Actually, we are all public sociologists manqué when we teach undergraduates, for college prepares them to become members of the educated general public. The public sociology I have in mind comes in four varieties, of which the first and most important is speaking out and writing whenever an issue shows up on the public agenda to which we can contribute.

We know a lot about social problems, and about the sociology of personal issues people worry about, for example, sickness and aging. Sometimes, public sociologists add background or context to stories that appear in the news media, or try to explain phenomena that news stories can only describe. Public sociologists can be particularly useful in debunking the conventional wisdom and popular myths (e.g., that teenage pregnancy is a major cause of poverty). They can reframe social phenomena in helpful ways (e.g., to point out that the family is changing, not declining). Public sociologists can indicate that two or three school shootings are not a trend, and that the explanations for the shootings are better sought in school power structures and student hierarchies than in “violence” in “the media.”

Although public sociology of this kind already exists, it must still be institutionalized as a legitimate way of doing sociology. People who want to be public sociologists probably have to begin small (e.g., as quote suppliers, at first perhaps only for the local newspaper). However, even this humble task offers an opportunity to show that sociology has something to say. At times, being useful to journalists may even overcome their bias against the discipline—and sociology’s bias against journalists—particularly when they ask interesting questions we should be thinking about.

Supplying quotes is not enough, however; public sociologists must also write or have something to say every time events justify a sociological analysis or commentary. Public sociologists should not try to be journalists, but they can write or speak clearly, concisely, with examples, but without scholarly qualification. Scientists’ taboos against addressing the general public must be overcome, and a thick skin is needed when a half hour’s talking to a journalist is boiled down to a single sentence or a ten-second soundbite in the story. Being misquoted is even harder to take, but a politely firm letter to the offender sometimes results in an apology or explanation.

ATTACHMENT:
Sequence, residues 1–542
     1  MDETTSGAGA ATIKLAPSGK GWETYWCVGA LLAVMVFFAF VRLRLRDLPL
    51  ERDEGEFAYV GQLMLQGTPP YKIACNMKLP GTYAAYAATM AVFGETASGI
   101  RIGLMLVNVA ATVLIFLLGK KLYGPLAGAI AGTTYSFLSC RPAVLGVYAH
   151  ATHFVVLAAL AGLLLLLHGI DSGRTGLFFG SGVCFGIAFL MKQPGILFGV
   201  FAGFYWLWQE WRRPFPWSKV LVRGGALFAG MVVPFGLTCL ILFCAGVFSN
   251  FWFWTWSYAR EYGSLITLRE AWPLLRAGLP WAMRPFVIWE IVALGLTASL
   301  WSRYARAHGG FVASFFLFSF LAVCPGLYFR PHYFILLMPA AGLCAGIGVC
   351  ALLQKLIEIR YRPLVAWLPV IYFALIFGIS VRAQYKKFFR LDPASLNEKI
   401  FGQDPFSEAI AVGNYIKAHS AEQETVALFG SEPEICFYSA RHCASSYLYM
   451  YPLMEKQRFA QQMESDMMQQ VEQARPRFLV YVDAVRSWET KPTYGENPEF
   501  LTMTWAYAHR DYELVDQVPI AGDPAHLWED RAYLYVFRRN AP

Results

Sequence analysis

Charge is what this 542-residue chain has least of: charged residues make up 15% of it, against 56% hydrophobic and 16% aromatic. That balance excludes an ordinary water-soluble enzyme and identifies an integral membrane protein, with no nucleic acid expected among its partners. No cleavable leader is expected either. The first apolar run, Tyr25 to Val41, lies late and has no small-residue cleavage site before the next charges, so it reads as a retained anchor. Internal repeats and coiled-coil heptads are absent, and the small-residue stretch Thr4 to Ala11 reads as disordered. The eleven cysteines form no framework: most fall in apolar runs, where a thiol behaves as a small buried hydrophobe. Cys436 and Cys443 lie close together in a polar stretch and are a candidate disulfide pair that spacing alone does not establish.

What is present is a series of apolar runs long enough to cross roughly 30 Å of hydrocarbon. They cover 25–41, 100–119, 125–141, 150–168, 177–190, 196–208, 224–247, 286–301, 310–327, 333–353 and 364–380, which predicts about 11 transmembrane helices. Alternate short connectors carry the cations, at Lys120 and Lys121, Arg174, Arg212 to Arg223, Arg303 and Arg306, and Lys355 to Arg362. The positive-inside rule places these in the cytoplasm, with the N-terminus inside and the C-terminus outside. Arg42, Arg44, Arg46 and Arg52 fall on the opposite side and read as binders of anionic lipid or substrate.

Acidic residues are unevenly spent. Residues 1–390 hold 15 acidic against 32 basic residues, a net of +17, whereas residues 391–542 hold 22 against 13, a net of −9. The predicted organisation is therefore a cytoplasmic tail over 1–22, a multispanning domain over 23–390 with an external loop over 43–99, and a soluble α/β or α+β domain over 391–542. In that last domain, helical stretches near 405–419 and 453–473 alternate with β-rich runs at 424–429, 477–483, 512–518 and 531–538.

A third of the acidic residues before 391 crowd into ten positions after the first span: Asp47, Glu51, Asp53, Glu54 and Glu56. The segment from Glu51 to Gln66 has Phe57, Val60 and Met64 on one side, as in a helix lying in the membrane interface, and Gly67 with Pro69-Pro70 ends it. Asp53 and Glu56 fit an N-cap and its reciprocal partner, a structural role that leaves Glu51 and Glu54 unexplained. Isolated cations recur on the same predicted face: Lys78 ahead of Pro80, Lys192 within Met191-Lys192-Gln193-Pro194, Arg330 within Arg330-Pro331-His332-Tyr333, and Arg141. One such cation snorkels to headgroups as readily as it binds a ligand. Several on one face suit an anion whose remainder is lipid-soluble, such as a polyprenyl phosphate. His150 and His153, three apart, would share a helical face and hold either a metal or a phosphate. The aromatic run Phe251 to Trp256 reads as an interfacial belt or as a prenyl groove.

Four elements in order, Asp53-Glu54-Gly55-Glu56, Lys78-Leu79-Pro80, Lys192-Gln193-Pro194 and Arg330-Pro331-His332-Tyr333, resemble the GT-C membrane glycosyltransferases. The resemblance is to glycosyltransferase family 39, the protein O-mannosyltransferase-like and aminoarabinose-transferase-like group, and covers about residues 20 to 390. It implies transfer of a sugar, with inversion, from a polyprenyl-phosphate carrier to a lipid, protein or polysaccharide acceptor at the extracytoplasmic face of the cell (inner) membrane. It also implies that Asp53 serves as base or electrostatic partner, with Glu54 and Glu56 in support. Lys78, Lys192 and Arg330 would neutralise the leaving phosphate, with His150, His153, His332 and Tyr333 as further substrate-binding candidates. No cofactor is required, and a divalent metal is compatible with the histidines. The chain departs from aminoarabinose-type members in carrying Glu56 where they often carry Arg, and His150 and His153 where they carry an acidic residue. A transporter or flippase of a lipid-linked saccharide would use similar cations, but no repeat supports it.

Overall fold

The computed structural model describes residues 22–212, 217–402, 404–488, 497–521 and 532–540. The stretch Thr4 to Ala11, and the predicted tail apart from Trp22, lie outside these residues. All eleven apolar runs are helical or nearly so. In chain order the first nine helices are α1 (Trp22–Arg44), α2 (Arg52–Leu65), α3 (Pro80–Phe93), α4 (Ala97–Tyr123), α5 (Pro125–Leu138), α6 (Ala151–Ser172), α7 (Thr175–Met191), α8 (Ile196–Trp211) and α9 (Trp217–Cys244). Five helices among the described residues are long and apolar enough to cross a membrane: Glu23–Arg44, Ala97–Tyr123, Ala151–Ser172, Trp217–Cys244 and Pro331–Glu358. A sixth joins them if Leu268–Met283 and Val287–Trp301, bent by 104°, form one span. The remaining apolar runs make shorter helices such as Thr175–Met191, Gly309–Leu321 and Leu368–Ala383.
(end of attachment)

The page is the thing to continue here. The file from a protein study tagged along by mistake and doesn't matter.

The next two forms of public sociology involve popularization. One is the popular (non-textbook) treatment of a topic or a set of events of widespread interest—like recent changes in American adolescent life. Unfortunately, sociologists do not often write popular sociological treatments of important topics or events. They leave such books mainly to freelance writers, who may not find sociology relevant.

The other form of popularization is a survey of the ideas and findings of a major field in the discipline, say criminology or social psychology. (Undergraduate teaching and textbook writing are examples of this second kind of popularization, but both are addressed to captive audiences.) Right now, there is no market for this kind of popularization because sociology lacks the characteristic appeal of the natural sciences and medicine, both of which can depend on a stable of expert popularizers.

The fourth kind of public sociology is a research report written for the lay public, either as an original study or as a popular rewrite of a scholarly monograph. Ethnographers have been writing the former at least since Helen and Robert Lynd’s Middletown (Harcourt Brace, 1929); Robert T. Michael et al., Sex in America (Little Brown, 1994), is a good example of the latter.

Why Public Sociology?

Public sociology of all kinds is badly needed. It can demonstrate that sociology adds distinctive insights and findings; increase the discipline’s relevance by forcing it to analyze current events and issues; and enhance sociology’s visibility. More important, public sociology is a way of telling the general public what we do and how we are spending public money. If we do it well, public sociology may help to attract more and better students, increase research funds, and earn us public support when sociology is under attack from hostile ideological and political organizations. Perhaps someday, public sociologists will even be properly represented among the 100 most visible public intellectuals.

Herbert J. Gans

Herbert Gans (hjg1@columbia.edu) is Robert S. Lynd Professor of Sociology at Columbia University and a past president of ASA. He received the ASA’s Award for Public Understanding of Sociology in 1999.